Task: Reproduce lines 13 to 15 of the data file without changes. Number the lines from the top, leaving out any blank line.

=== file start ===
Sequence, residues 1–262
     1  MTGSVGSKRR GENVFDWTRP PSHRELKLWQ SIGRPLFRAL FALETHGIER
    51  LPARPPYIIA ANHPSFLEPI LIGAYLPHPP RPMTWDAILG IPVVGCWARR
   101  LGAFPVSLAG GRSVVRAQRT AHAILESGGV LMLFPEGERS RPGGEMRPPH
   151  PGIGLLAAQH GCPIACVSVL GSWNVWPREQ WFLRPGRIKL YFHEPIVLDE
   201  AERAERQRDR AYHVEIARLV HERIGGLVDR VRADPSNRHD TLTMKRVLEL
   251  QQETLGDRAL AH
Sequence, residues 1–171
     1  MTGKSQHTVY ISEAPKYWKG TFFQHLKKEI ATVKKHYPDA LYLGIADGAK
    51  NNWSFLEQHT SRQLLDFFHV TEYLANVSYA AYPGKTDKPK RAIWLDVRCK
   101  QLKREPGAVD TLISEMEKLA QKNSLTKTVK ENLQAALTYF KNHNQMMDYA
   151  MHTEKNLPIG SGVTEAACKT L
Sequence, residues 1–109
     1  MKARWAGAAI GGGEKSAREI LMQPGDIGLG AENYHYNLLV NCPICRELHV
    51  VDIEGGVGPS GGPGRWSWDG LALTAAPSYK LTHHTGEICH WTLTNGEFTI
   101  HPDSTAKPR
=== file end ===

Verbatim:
Sequence, residues 1–109
     1  MKARWAGAAI GGGEKSAREI LMQPGDIGLG AENYHYNLLV NCPICRELHV
    51  VDIEGGVGPS GGPGRWSWDG LALTAAPSYK LTHHTGEICH WTLTNGEFTI